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  1. DonTigny, Richard L. PT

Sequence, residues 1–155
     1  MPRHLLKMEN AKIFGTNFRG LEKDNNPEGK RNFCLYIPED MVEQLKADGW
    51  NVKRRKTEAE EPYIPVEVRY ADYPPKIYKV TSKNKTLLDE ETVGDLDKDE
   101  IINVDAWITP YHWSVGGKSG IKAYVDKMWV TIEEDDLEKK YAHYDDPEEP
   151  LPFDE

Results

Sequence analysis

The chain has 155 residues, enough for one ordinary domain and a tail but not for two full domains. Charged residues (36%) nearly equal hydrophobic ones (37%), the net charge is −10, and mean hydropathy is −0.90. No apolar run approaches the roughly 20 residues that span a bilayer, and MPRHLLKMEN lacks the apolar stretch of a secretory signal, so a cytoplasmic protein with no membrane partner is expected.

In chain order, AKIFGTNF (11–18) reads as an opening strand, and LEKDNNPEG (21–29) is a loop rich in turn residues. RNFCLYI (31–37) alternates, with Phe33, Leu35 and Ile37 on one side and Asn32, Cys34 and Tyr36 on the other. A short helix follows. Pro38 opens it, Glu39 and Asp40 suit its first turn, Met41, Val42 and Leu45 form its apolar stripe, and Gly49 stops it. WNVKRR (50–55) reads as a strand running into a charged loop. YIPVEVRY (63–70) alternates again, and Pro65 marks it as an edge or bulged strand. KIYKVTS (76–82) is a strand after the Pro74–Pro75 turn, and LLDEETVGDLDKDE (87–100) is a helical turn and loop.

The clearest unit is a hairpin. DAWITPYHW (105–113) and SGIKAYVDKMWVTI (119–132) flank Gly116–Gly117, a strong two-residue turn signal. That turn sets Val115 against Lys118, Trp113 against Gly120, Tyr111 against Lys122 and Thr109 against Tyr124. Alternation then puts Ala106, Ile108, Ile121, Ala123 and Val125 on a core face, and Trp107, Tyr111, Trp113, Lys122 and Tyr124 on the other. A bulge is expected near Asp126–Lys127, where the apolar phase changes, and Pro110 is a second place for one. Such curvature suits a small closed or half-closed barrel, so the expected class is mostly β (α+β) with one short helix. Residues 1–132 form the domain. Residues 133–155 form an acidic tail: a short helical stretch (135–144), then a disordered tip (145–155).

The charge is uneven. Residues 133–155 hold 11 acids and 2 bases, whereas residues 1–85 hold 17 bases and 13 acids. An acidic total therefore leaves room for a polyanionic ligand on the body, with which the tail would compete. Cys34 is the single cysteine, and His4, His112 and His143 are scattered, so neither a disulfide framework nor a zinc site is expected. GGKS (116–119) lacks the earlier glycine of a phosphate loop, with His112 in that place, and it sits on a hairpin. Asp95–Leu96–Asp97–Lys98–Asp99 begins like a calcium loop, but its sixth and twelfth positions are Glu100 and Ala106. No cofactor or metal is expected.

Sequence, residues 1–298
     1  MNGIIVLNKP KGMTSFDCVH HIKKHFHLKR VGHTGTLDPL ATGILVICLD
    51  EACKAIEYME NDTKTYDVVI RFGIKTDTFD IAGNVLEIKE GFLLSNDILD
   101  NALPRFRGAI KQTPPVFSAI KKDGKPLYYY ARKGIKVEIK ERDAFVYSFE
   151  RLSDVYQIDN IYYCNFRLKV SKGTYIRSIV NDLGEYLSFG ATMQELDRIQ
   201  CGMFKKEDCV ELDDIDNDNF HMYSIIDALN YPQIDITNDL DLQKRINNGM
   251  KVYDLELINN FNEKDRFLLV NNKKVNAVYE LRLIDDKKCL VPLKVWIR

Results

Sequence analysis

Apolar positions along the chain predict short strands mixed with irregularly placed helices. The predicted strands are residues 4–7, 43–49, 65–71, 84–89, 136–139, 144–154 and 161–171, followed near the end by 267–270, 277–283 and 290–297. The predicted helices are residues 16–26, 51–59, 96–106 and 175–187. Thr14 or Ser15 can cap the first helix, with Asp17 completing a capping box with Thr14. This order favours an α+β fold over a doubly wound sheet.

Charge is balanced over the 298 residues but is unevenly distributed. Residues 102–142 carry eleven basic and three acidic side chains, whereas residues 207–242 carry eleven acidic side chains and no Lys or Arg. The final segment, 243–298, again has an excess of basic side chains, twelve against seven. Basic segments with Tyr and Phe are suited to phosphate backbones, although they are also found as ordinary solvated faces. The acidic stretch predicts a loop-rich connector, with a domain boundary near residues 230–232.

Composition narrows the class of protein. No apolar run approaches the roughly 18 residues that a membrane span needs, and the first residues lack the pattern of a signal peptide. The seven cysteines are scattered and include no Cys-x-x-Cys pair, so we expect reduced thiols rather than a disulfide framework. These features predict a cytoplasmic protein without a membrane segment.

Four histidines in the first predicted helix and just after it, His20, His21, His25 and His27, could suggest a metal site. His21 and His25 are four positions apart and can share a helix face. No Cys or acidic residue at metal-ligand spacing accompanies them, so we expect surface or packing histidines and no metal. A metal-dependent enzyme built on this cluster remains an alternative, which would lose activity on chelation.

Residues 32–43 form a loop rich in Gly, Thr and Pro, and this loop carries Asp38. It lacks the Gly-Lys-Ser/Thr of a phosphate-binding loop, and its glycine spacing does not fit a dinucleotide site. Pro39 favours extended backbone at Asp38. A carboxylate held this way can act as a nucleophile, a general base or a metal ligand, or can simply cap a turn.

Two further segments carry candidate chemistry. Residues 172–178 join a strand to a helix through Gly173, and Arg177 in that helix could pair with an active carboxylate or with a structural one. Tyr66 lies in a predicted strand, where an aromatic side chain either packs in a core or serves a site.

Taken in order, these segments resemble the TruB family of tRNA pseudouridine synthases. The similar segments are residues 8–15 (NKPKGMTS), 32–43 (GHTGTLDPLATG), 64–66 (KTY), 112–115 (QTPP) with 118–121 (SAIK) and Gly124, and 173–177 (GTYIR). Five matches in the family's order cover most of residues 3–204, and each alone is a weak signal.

Several interactive pelvic axes occur during activities of weight-bearing and ambulation. Flexion and extension of the symmetrical innominates occur on the sacral x-axis with weight-bearing. Normal asymmetric innominate rotation occurs on the innominate axis at the pubic symphysis during weight-bearing with normal ambulation. Oblique sacral movement occurs on an oblique sacral axis concurrent with asymmetric innominate movement. Acute and chronic low back pain is commonly caused by a bilateral symmetrical or oblique anterior innominate rotation on the sacrum on an acetabular axis, usually while lifting, bending, lowering, shoveling, sweeping, a pendulous abdomen, during pregnancy, or with a postural forward head. The innominates are caused to sublux slightly cephalad and laterally on the sacral x-axis at the posterior inferior iliac spine (PIIS). This is a measurable movement that puts a rotational shear on the bilateral sacral x-axis and separates the sacral origins of both the gluteus maximus and the piriformis from their ileal origins resulting in pain across the mid-buttocks into the trochanter, down the tensor fascia lata into the lateral knee causing piriformis syndrome, pain across the buttock from the PIIS to the trochanter, a sciatic neuritis or a pseudosciatica. In all probability, true sciatica is probably not from the disc but rather caused where the sciatic nerve exits just below or sometimes through the compromised piriformis. A specific abdominal pain may also accompany acute or chronic low back pain as may an idiopathic scoliosis. An associated posterior movement of the ischial tuberosities can approximate the distal sacrum, loosen muscles of the pelvic floor, decrease kinetic tension on the sacrotuberous ligaments, and cause some degree of incontinence. Dysfunction is all initiated at the sacral x-axes. This is corrected effectively simply with a manual bilateral posterior innominate rotation that reverses all and various symptoms leaving the patient free of pain. Many areas of dysfunction are described, but not all.